According to Traditional Chinese Medicine, each season is related to an emotion and an organ. For instance, spring is related to anger, which is related to the liver. That doesn’t mean you can’t be angry in the winter or fall, but you may be more likely to have an angry outburst in the spring if your liver is off balance. Spring is a season of growth, dandelions and tulips bursting out of the wet soil, dying to be expressed after long months of cold and snow. People also tend to hibernate in the winter, especially before modern civilization. So when spring arrives, we come bouncing out and unearth ourselves and sometimes, when the liver is out of balance, we can feel angry, resentful, impatient, frustrated, negative, or impulsive. When these emotions aren’t expressed but repressed, we can feel depressed.
So what can we do about it? Food for mood is an easy way to help balance your emotions and optimize your organ health. These emotions obviously can happen in any season so this diet can be used whenever you’re feeling angry, resentful or just can’t snap out of a bad mood. I have listed foods that are beneficial for the emotions I mentioned earlier. Spring is a time of light fare, less meat, and lots of vegetables. After a long winter of traditional hearty meals with stew meat or game meat that help keep your body warm, spring is a time to eat less animal proteins and less fatty foods. Also, preparation should include raw ingredients or a quick steam or stir fry. Since it’s still cold in Connecticut where I live, I’m sharing a delicious soup that I made to help my body do some spring cleaning. The ingredients include asparagus, leeks, fennel and almond milk which help clean and clear the liver and is chock full of nutrients. Also try to shop at your local farmer’s market to get the freshest of spring ingredients. Hope you enjoy and look out for other spring recipes this month!
Food for Mood Spring ingredients:
Vegetables: onions, shallots, mustard greens, watercress, beets, rhubarb root and stem (good for constipation), taro root, cabbage, turnip root, cauliflower, broccoli, brussel sprouts, avocados, romaine lettuce, asparagus, alfalfa, radish leaves, dandelion root, kelp, seaweed, cucumber, watercress, radish, daikon.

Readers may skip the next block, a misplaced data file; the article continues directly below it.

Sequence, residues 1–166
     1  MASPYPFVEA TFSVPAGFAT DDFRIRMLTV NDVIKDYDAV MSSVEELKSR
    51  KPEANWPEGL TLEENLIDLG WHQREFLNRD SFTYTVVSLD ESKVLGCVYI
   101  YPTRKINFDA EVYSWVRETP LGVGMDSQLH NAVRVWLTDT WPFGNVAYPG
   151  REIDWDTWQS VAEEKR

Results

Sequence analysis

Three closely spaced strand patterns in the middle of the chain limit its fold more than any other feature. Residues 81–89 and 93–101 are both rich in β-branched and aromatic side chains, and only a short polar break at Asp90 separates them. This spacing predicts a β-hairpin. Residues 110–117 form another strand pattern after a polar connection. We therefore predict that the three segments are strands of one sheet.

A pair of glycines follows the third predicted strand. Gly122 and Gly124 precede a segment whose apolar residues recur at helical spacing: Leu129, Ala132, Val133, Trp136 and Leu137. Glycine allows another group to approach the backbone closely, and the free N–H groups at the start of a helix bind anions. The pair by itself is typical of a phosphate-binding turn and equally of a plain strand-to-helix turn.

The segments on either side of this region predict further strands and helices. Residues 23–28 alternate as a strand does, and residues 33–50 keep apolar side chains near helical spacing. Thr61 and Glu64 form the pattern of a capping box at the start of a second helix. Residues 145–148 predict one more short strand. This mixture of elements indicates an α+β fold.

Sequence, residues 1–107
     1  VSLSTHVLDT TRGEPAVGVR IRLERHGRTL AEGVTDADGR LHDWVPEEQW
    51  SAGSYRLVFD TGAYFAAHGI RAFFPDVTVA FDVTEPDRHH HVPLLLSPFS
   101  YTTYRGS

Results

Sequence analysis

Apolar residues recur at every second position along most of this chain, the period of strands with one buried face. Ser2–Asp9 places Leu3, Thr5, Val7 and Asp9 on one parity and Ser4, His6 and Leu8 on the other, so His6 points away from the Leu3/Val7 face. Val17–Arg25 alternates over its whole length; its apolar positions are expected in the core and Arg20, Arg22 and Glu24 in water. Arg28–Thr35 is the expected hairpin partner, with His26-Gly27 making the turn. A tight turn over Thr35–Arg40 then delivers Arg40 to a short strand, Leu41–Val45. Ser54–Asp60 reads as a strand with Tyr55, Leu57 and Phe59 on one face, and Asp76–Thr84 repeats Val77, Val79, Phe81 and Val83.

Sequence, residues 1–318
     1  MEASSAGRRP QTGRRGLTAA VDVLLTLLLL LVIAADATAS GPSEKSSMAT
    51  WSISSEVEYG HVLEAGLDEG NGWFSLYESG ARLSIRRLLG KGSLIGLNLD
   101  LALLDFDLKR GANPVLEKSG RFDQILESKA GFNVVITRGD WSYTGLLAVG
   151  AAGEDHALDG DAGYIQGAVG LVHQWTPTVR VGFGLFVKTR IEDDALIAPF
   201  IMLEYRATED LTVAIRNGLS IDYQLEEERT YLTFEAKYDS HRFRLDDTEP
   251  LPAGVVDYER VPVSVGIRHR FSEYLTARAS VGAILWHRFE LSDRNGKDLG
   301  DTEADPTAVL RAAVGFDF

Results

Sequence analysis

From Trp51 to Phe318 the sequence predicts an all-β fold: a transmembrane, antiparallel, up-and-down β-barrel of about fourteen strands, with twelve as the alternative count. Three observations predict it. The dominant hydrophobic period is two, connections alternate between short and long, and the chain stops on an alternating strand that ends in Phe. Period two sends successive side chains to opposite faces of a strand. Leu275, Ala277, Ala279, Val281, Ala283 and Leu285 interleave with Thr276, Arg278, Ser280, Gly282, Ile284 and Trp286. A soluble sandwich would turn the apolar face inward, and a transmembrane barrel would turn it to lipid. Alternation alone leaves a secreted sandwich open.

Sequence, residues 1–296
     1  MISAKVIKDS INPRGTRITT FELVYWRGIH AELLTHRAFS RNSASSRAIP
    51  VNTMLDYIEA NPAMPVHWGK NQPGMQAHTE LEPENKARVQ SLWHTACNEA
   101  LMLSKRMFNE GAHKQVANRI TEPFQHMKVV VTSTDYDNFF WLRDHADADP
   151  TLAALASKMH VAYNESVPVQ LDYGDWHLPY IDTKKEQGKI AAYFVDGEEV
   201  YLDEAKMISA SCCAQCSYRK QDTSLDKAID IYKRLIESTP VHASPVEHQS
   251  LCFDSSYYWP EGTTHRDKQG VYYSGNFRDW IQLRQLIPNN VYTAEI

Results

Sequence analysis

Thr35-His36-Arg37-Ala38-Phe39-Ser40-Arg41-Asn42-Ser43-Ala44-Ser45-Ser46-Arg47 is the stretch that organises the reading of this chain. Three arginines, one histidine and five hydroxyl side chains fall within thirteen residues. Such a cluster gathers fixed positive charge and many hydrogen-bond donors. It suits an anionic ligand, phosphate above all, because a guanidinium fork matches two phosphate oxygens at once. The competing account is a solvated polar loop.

Fruits: strawberry, peach, cherry, citrus peel (dehydrated or fresh like lemon zest)
Grains: sweet rice, sprouted grains, amaranth, quinoa, millet, rye
Meats: organic animal liver
Fish: salmon, herring, mackerel
Nuts and seeds: chestnuts, pine nuts, walnuts
*Herbs and spices: basil, bay leaf, cardamom, marjoram, cumin, fennel, dill, ginger, pepper, horseradish, rosemary, mint, lemon, *Don’t overdo the spices.
- 1 pound of asparagus
- 2 tablespoons coconut oil
- 4 garlic cloves, minced
- 1 fennel bulb, chopped
- 2 leeks, ends removed and chopped
- 3 green onions, ends removed and chopped
- ½ teaspoon sea salt
- 2 bay leaves
- 3 cups vegetable broth
- 1 cup almond milk
- 1/2 cup toasted pine nuts
- Salt and pepper to taste
- Prep asparagus by snapping off the tough dried end and discard ends. Wash remaining asparagus and cut into 2-inch pieces and set aside.
- In a large pot over medium heat, add the coconut oil and saute garlic, green onions, fennel, and leeks until soft (about 3 minutes).
- Add asparagus, sea salt, herbs, broth, and almond milk.
- Bring to a boil, reduce heat, cover and simmer until asparagus and is soft (about 10 minutes). Remove from heat and cool slightly.
- Puree soup using a blender. Add broth or more almond milk if a thinner soup is desired. Season to taste with salt and pepper. Garnish with thyme and toasted pine nuts.
- Serve warm or chilled. Enjoy!!!